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24.1: YouTube - Mathematics


24.1: YouTube - Mathematics

Mathematics in the General Education Core

The mathematics department provides three types of experiences for the general education core. The choice that a student and his/her advisor make will depend largely on the students major and interests. Each student should consult the Undergraduate Bulletin and speak with his/her advisor to determine the mathematics requirement(s) for his/her major. In broad, general terms, here are the courses which satisfy the general education core requirement in mathematics:

  • MATH 1010 - Mathematical Thought and Practice
  • MATH 1530 - Elements of Statistics
  • MATH 1420 - Structure of Mathematical Systems II
  • A course or courses in algebra and/or calculus.
    • MATH 1110 - Algebraic Problem Solving
    • MATH 1710 - Precalculus Algebra
    • MATH 1730 - Precalculus
    • MATH 1810 - Elements of Calculus
    • MATH 1910 - Calculus I

    Math 1010 -- Mathematical Thought and Practice

    This course is designed specifically for students majoring in the arts and humanities. It deals with applications of mathematics in areas such as politics, code-breaking, art, music, and finance. (Did you know, for example, that the first presidential veto in U.S. history involved a mathematical formula?) MATH 1010 satisfies the general education core requirement in mathematics. It may be taken by any student whose major does not specify a particular math course. Students who enter APSU with ACT-M scores below 19 must enroll in an “E-section” of MATH 1010 or in an “E-section” of MATH 1530.

    MATH 1530 -- Elements of Statistics

    This is an introductory course in descriptive and inferential statistics. Students will learn things like how opinion polls are taken and how the margins of error for those polls are computed. Students will get an introduction to the ways in which statisticians decide if information from a sample can reasonably be used to infer information about a population. (These are the statistical methods, for example, that medical researchers use to determine if drugs or vaccines are effective.) MATH 1530 satisfies the general education core requirement in mathematics. Some majors require MATH 1530. Like MATH 1010, MATH 1530 may also be taken by any student whose major does not specify a particular math course. Students who enter APSU with ACT-M scores below 19 must enroll in an “E-section” of MATH 1010 or in an “E-section” of MATH 1530. Students with learning support requirements in reading or writing must satisfy these requirements prior to enrolling in Math 1530.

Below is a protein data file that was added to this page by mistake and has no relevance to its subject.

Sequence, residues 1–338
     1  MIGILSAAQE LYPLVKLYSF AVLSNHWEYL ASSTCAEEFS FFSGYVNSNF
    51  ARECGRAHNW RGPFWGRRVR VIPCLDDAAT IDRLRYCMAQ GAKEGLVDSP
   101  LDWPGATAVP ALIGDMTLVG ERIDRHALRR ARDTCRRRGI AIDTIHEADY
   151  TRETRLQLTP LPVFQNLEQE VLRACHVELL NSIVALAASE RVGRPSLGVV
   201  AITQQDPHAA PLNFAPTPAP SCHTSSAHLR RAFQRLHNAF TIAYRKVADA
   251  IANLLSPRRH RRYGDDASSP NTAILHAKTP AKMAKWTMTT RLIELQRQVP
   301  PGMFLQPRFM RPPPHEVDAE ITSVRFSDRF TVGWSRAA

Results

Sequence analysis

MATH 1420 – Structure of Mathematical Systems II

    Topics include proportionality, the real number system, probability, data analysis, geometry, and measurement. Emphases are problem solving, multiplicative thinking, number sense, and communicating mathematics concepts with language, symbols, and concrete and pictorial representations. This course is reserved for students seeking elementary or middle school teaching licensure.

    Algebra and/or Calculus

    Several majors require courses in this category. Each course listed below satisfies the general education core requirement in mathematics. ACT requirements for each course can be seen in the table below. The courses in this category are:

    1. Algebra Courses: MATH 1110 (Algebraic Problem Solving) and MATH 1710(Precalculus Algebra) The primary difference between MATH 1710 and MATH 1110 is the instructional method employed. MATH 1710 is a more traditional lecture-based course. MATH 1110 classes involve more hands-on, activity-based learning strategies.
    2. Precalculus: MATH 1730 This course includes exponential and logarithmic functions and has a heavy emphasis on trigonometry.
    3. Calculus: MATH 1910 and MATH 1810 MATH 1810 is sometimes referred to as "Business Calculus." It does not require knowledge of trigonometry as a prerequisite. MATH 1910 does require proficiency in trigonometry as a prerequisite.